Gretel Egan | March 25, 2015

Risky Business: Unsafe Web Browsing

Last updated: January 16, 2019


The sad fact of web browsing is that dangers lurk around every virtual corner. From imposter websites to bogus pop-up windows to malware-laden ads and downloads, browsing sessions can be hazardous to your business. Even with advancements in browser security and antivirus (AV) software, web-borne incidents continue to trouble organizations and individuals alike — primarily because attackers have shifted their focus to people rather than technical weakness.

The Q3 2018 Quarterly Threat Report from Proofpoint emphasizes this trend. Threat intelligence gathered by researchers indicates that, "Web-based threats have shifted almost entirely away from exploit kits to social engineering schemes." Of particular concern is the surge in phony AV and plugins, which appeared more than twice as often in Q3 as in Q2, and more than 20 times as often as in Q1 2018. In these situations, unsuspecting end users are presented with "fake antivirus notifications and fake software updates that lead to malware downloads, phishing landing pages, and more."

And these are just some of the dangers that surfers will encounter online.


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Three Better Browsing Behaviors to Share With Your Employees

Operator error is the source of many cybersecurity risks in the workplace and beyond. We strongly believe that increasing awareness and teaching employees how to recognize and change poor behaviors is essential to reducing risk. Here are three pieces of advice we discuss in our Safer Web Browsing interactive training module:

  • Get to know your browser’s security features – Automatic browser updates are likely to be used by most (if not all) IT departments, and this is a great way to ensure that users’ browsers always reflect the latest security patches and bug fixes. It’s also critical that work and personal browsers be set to use the most advanced security settings, which doesn’t happen by default. Different browsers offer different safeguards, and it’s a good idea for users to understand how their browsers implement security features. (An important side note from a policy perspective: If your IT group defines security settings, employees should be instructed not to make changes or enable/disable non-sanctioned functionality. Convenience features like auto-complete and password storage can make logins quick and easy but can considerably weaken security on individual devices.)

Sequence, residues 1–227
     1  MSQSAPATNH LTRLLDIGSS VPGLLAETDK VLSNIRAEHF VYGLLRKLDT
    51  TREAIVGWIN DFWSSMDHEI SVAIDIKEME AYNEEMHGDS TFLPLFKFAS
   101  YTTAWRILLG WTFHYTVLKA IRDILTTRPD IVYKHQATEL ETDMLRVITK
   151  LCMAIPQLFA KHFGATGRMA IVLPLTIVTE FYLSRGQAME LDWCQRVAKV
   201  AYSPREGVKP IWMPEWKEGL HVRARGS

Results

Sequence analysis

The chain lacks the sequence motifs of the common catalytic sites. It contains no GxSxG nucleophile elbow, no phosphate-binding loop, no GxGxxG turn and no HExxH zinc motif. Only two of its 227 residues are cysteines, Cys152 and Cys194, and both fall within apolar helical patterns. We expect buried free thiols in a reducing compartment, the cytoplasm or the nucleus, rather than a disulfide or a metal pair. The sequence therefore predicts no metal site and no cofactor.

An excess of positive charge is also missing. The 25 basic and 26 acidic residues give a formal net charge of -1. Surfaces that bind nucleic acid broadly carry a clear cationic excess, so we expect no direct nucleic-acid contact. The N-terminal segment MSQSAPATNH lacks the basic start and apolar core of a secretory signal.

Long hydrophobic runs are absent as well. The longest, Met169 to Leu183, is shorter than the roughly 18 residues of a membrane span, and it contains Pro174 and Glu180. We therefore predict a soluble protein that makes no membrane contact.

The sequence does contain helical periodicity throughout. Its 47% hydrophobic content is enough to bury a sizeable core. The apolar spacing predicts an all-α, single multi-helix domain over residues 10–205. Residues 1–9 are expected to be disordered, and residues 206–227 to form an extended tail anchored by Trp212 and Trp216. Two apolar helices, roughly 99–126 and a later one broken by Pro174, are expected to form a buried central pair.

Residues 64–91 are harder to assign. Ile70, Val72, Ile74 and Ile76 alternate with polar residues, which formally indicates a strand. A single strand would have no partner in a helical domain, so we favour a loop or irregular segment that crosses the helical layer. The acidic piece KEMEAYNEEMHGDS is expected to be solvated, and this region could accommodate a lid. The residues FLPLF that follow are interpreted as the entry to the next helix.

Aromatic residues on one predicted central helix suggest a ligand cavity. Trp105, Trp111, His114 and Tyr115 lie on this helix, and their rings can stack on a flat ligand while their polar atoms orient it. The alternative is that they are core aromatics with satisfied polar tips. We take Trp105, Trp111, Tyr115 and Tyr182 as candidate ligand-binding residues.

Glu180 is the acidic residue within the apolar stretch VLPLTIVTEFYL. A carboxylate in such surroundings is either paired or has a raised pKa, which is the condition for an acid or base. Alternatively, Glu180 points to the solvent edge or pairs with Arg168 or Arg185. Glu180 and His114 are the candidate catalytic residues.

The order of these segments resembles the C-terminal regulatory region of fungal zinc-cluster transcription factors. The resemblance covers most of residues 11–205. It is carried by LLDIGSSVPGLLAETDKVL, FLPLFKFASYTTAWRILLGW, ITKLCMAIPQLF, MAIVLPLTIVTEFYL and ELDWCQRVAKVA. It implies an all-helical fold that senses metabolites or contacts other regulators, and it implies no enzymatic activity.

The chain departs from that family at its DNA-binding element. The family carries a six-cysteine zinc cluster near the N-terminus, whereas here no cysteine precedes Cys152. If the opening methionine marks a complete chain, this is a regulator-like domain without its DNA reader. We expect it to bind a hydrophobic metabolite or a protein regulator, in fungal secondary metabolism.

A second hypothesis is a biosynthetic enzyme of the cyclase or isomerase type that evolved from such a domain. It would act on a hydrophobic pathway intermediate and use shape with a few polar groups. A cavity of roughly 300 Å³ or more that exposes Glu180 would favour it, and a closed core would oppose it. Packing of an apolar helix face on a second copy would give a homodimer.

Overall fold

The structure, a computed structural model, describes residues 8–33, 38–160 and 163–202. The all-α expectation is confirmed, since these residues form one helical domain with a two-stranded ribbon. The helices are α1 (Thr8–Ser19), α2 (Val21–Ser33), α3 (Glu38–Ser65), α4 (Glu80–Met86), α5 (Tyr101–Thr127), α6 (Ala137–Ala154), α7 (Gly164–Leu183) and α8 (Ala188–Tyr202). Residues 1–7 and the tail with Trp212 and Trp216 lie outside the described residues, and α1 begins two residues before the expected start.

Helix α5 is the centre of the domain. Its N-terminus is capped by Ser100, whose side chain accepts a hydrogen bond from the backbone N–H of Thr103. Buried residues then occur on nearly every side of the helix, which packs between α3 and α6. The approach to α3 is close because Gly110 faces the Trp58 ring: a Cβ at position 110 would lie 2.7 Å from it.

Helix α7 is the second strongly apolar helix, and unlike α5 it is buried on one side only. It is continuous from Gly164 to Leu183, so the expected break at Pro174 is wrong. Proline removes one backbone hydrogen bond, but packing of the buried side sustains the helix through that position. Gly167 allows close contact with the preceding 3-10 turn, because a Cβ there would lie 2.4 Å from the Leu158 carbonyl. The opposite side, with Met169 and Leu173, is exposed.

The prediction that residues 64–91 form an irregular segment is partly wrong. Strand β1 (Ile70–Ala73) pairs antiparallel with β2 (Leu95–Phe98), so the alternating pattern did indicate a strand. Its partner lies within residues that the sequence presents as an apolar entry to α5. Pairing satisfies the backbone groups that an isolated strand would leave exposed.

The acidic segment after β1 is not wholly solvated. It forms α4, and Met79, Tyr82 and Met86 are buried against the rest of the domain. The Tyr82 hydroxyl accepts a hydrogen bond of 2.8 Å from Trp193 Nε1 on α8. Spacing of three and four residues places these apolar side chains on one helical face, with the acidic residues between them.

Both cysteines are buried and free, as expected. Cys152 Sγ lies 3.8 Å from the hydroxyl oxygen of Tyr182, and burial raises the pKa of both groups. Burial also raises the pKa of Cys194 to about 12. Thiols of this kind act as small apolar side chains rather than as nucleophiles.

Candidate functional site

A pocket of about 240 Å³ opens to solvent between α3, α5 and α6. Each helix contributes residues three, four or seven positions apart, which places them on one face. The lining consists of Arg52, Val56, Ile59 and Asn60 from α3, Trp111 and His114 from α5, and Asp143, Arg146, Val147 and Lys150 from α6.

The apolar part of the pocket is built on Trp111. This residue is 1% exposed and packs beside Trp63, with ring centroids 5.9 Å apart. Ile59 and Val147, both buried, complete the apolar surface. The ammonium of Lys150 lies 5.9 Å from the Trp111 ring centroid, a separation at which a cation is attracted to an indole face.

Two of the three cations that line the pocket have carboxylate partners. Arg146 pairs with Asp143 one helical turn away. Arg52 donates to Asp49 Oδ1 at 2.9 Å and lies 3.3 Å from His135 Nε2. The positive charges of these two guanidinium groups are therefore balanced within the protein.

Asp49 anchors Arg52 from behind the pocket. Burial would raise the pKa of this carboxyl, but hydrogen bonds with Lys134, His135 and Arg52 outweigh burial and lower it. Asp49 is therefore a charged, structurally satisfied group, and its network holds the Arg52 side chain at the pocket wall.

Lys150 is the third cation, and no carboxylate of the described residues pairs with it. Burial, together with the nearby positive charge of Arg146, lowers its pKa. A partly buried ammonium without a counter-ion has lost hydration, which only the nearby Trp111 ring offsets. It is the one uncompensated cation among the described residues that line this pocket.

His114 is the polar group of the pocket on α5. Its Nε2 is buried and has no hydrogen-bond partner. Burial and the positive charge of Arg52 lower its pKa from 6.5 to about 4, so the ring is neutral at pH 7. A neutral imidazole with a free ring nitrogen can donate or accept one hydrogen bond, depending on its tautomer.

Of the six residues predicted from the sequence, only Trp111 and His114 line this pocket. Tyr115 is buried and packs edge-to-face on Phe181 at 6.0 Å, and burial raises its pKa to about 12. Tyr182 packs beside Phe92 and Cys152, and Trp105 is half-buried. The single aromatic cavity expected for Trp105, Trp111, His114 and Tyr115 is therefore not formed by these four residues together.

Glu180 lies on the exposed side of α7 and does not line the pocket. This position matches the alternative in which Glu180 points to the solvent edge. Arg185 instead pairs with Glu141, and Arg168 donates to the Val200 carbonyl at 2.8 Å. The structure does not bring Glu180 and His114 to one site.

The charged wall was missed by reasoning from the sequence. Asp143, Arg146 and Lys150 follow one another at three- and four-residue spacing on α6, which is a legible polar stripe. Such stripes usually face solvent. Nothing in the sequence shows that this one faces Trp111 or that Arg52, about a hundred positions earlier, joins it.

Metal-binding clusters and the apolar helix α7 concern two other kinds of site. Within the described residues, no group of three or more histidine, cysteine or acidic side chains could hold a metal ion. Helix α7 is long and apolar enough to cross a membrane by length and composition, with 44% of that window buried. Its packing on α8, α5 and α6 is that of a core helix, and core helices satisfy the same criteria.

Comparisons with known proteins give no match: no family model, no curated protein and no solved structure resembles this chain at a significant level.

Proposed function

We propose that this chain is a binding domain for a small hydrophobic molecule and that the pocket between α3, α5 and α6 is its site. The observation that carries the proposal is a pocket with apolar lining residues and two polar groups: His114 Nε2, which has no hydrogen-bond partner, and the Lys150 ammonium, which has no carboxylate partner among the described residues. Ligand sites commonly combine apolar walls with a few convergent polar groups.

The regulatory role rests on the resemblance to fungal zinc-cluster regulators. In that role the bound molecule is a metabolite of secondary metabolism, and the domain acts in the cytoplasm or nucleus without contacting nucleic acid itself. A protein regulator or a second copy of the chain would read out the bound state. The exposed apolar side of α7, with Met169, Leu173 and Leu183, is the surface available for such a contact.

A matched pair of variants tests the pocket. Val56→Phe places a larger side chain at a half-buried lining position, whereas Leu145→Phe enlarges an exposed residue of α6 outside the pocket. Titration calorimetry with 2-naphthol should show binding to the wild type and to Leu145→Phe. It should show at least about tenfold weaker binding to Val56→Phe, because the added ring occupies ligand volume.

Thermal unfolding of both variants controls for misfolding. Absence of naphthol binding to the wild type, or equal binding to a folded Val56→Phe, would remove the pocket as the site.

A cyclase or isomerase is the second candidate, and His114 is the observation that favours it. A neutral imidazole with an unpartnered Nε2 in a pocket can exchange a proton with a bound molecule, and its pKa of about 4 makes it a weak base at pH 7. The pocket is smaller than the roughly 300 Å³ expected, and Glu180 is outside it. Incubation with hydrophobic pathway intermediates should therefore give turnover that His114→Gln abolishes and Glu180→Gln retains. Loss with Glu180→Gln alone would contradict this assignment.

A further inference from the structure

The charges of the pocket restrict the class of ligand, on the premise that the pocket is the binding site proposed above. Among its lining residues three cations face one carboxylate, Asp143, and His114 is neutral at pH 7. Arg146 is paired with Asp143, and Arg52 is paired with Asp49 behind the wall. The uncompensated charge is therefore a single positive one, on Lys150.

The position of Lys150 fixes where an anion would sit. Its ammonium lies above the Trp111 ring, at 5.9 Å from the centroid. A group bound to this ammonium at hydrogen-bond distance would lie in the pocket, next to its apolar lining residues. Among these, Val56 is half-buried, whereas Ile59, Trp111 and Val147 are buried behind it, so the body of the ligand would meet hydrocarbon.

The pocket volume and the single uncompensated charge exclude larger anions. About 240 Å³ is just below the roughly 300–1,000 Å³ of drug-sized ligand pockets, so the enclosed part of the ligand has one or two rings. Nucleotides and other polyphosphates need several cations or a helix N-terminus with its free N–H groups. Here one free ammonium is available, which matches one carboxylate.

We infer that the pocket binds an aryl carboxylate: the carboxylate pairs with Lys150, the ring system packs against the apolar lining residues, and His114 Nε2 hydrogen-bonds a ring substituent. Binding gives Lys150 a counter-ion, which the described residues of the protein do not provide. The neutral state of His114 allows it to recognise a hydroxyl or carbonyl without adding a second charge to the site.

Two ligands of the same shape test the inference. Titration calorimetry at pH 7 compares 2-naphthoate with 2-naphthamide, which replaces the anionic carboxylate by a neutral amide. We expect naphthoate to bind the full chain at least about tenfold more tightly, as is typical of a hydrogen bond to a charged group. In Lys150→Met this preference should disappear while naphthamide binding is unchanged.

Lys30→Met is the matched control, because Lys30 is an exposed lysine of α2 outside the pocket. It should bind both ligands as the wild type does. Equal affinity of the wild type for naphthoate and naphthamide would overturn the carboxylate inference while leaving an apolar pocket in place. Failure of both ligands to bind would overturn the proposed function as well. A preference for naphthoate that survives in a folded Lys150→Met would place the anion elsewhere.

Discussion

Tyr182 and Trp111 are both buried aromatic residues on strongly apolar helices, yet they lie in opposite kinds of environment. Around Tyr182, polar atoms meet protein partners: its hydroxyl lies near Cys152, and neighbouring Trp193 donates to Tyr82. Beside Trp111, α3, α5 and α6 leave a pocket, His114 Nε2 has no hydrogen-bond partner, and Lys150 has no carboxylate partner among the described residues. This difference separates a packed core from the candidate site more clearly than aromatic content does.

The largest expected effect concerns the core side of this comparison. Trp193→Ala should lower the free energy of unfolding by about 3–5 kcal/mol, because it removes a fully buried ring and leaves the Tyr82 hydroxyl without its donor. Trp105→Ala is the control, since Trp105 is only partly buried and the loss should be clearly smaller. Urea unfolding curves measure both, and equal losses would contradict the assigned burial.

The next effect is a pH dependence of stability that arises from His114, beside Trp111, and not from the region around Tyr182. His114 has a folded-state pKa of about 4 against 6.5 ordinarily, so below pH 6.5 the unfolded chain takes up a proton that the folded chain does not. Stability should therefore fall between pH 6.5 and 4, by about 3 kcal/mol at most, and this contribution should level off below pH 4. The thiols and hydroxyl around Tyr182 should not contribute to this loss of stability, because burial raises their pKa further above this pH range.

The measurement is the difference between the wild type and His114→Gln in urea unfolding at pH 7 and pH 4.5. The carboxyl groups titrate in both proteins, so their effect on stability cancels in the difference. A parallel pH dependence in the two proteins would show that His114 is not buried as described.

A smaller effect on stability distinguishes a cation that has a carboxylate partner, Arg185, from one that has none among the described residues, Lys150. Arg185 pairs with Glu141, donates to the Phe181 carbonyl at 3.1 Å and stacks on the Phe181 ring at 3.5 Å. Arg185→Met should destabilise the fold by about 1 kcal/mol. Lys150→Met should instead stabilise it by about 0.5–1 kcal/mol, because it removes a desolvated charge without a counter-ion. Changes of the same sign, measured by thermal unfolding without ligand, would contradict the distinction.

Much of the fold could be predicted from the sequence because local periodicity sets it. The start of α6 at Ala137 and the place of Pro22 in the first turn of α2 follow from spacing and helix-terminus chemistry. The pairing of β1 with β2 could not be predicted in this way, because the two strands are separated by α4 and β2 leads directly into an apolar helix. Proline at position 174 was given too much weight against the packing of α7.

• Avoid unsolicited pop-up windows – Most browsers effectively block dangerous pop-up windows, but they aren’t foolproof. Random ad, warnings of viruses, and prompts to download special plug-ins or initiate scans must be treated with extreme caution — even if these items appear on trusted sites. The safest rule of thumb is not to interact with these windows; if possible, they should be closed from the task tray, by using the “Esc” button, or via some other option that does not require the user to click any buttons within the pop-up, including the X to close. Should the X be the only option, users should stay alert to any triggers within their browser that follow the click (e.g., being routed to a new website or being asked to install a new application).
  • Never download pirated content – There are a plethora of sites that distribute pirated content. Not only are these downloads illegal, they are extremely dangerous. Hackers know how tempting these files are; unsuspecting users are all too happy to nab free downloads of unreleased movies, music, and premium software titles that would normally cost a fee to access. Unfortunately, these files often have malware along for the ride. The bottom line is that pirated content is never safe to use.

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